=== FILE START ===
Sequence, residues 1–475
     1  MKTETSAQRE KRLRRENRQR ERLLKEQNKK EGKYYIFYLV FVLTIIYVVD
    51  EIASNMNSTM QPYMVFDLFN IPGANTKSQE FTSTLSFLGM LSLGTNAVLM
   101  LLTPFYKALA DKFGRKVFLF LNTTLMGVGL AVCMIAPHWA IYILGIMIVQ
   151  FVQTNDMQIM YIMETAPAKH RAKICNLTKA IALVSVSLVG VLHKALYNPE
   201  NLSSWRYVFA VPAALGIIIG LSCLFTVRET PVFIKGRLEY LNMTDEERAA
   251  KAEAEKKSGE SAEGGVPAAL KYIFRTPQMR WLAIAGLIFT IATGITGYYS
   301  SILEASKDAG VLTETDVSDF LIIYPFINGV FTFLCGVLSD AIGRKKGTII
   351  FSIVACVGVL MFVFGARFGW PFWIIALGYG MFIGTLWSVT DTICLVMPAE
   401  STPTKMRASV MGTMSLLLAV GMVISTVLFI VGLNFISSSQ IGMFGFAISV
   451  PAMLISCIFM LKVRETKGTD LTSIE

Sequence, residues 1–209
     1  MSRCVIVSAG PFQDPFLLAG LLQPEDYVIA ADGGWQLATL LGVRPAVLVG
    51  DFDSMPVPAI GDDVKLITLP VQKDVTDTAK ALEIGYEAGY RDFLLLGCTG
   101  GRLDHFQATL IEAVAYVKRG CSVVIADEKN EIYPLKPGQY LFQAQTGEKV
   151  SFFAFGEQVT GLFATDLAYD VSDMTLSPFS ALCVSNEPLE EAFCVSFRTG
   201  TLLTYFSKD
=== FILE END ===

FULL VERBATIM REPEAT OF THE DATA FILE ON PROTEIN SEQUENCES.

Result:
Sequence, residues 1–475
     1  MKTETSAQRE KRLRRENRQR ERLLKEQNKK EGKYYIFYLV FVLTIIYVVD
    51  EIASNMNSTM QPYMVFDLFN IPGANTKSQE FTSTLSFLGM LSLGTNAVLM
   101  LLTPFYKALA DKFGRKVFLF LNTTLMGVGL AVCMIAPHWA IYILGIMIVQ
   151  FVQTNDMQIM YIMETAPAKH RAKICNLTKA IALVSVSLVG VLHKALYNPE
   201  NLSSWRYVFA VPAALGIIIG LSCLFTVRET PVFIKGRLEY LNMTDEERAA
   251  KAEAEKKSGE SAEGGVPAAL KYIFRTPQMR WLAIAGLIFT IATGITGYYS
   301  SILEASKDAG VLTETDVSDF LIIYPFINGV FTFLCGVLSD AIGRKKGTII
   351  FSIVACVGVL MFVFGARFGW PFWIIALGYG MFIGTLWSVT DTICLVMPAE
   401  STPTKMRASV MGTMSLLLAV GMVISTVLFI VGLNFISSSQ IGMFGFAISV
   451  PAMLISCIFM LKVRETKGTD LTSIE

Sequence, residues 1–209
     1  MSRCVIVSAG PFQDPFLLAG LLQPEDYVIA ADGGWQLATL LGVRPAVLVG
    51  DFDSMPVPAI GDDVKLITLP VQKDVTDTAK ALEIGYEAGY RDFLLLGCTG
   101  GRLDHFQATL IEAVAYVKRG CSVVIADEKN EIYPLKPGQY LFQAQTGEKV
   151  SFFAFGEQVT GLFATDLAYD VSDMTLSPFS ALCVSNEPLE EAFCVSFRTG
   201  TLLTYFSKD